Over the decades, and hastened by Ronald Reagan when he was California’s governor, we’ve largely shut down the monolithic hospitals for the mentally ill.
Now, instead of the massive “human warehouses” with their endless corridors, we have community-based programs. We have board and care homes tucked into our neighborhoods. We have people helped by medication and therapy who can live at home.
As our front-page story today by Jennifer Bonnett states, in 1955 there was one psychiatric bed for every 300 Americans. By 2005, there was just one bed for every 3,000 people.
That’s generally a positive thing, no doubt, reflecting breakthroughs in the treatment of the mentally ill.
Still, as those numbers show, there are many among us who are bruised or broken, or certainly in acute emotional pain.
That makes the job of being a police officer, already among the toughest anywhere, all the more difficult. Instead of those suffering from a psychotic disorder being locked up, they are largely out now, largely functional — and sometimes in crisis.
That means collisions between the mentally ill and police are more common. And those encounters, tragically for all concerned, often end badly.
That happened in Lodi on Jan. 25 when relatives called the police because they were concerned about Parminder Singh Shergill, 42. Shergill was a U.S. Army veteran who was dealing with depression and PTSD, or post-traumatic stress disorder.
What happened next is now in dispute: The police say Shergill charged two officers with a knife and they had no option but to shoot him. Those injuries proved fatal.
Family members maintain Mr. Shergill did not charge the officers and did not threaten them. They say his mental challenges were well-known to the police department.
The family’s attorney maintains the officers should have helped him instead of resorting to lethal force.
Now a multi-agency review is being conducted. There seems to be at least the possibility of a lawsuit being filed. The facts remain in dispute, so it is best not to unduly speculate. Yet it seems clear that the officers were placed in a difficult position. They were, after all, not responding to a bank robbery or high-speed chase. This instance, and so many like it, was not a profile of black and white, but a frantic rush of light and shadow.
They had weapons and badges, of course. But did they have the tools to deal with someone, apparently armed and apparently in a state of emotional agitation? Were there options limited by a lack of training in such areas?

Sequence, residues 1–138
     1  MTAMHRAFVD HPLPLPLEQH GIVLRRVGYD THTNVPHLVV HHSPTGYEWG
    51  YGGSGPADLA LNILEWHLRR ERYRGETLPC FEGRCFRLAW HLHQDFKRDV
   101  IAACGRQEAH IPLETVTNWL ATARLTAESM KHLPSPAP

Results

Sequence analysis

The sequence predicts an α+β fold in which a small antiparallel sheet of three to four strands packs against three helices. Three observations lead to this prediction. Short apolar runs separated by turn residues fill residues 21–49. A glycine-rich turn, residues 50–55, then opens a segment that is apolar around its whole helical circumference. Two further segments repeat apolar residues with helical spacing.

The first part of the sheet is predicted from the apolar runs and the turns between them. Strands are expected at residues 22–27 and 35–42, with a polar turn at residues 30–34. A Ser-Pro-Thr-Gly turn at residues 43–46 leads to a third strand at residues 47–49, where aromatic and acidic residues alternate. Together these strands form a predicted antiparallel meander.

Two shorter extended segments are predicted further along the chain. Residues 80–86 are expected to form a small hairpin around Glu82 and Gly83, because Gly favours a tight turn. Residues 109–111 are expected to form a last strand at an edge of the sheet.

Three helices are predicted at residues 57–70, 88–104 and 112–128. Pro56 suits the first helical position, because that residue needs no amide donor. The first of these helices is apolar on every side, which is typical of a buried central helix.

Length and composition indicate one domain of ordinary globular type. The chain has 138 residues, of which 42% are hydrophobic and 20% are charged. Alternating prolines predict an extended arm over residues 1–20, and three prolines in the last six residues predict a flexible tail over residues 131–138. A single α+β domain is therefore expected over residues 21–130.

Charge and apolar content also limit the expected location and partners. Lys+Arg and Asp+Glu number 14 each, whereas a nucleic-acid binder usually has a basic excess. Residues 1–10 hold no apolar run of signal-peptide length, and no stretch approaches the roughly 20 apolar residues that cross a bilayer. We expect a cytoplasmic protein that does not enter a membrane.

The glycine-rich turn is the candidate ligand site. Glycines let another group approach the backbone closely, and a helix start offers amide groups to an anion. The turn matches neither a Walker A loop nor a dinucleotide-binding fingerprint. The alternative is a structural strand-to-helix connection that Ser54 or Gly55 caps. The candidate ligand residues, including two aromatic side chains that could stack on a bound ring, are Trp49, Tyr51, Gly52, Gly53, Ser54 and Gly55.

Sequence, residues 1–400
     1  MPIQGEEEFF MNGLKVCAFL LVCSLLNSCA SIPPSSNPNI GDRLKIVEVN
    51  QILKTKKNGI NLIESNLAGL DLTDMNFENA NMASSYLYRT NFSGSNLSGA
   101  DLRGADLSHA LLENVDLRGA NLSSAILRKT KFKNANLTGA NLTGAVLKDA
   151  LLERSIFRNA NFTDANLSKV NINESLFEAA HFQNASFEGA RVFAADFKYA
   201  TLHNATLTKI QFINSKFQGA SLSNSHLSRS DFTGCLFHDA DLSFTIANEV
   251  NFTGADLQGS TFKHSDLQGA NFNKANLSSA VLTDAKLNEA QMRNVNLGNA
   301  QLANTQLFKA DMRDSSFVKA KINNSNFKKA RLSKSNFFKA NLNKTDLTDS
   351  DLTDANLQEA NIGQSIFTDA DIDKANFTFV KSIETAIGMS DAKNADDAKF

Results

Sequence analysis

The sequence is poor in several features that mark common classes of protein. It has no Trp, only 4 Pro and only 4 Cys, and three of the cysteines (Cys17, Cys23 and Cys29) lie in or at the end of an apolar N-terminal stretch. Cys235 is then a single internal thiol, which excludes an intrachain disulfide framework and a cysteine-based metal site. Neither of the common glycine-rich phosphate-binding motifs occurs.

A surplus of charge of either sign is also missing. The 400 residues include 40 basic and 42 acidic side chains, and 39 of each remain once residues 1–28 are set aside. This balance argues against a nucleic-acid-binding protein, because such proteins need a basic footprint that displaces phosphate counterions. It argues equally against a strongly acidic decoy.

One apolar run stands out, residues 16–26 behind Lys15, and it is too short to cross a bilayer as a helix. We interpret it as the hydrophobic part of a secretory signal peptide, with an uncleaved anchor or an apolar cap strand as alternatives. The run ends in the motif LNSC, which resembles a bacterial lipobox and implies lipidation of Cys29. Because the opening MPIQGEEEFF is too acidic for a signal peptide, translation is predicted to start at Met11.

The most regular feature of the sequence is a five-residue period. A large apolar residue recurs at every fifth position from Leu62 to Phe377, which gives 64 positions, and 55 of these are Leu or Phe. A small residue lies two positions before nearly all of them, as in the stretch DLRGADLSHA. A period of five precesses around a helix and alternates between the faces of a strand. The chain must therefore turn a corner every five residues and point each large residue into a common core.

Our empathy must extend to Mr. Shergill’s family members, too. Coping with a family member suffering from mental illness can be horribly testing and isolating. They apparently called the police hoping for some constructive intervention. In fact, Lodi officers had taken him to the VA hospital in Stockton on at least two occasions.
So the facts will be gathered and sifted, but there can be no doubt this is a terrible tragedy. A troubled but apparently quite decent man is dead. His family is devastated. Officers and their families are dealing with the trauma of this shooting.
It is only human nature, and perhaps journalistic instinct, to look for what might come from tragedy that is somehow positive. In that vein, we ask whether some of the specialized training programs outlined in Bonnett’s story today are models worth considering here.
The concept of a Crisis Intervention Team, pioneered by the Memphis Police Department, involves volunteer officers receiving specialized training. These officers are then dispatched to calls involving complex and face-to-face mental health crises.
Part of the rationale for the program seems relevant to what we are experiencing now in Lodi. From the Memphis Police Department website outlining CIT: “Traditional police methods, misinformation, and a lack of sensitivity cause fear and frustration for consumers and their families. Too often, officers respond to crisis calls where they felt at a disadvantage or were placed in a no-win situation.”
In Memphis, the CIT is credited with a decrease in the use of force by police and a reduction in police injuries relating to crisis events. Moreover, there has been a decrease in the arrest of mentally ill suspects and an effective diversion of such individuals into the mental health system. The NAMI chapter contends the approach is far more humane for both officers and subject, and has resulted in lives saved.
It would be presumptuous to say CIT or any other program would have saved the life of Parminder Singh Shergill and spared the Lodi officers the terrible trauma of a fatal shooting.
Yet, as a community, we would remiss, when exploring this painful world of light and shadow, not to ask:
Is there a better way?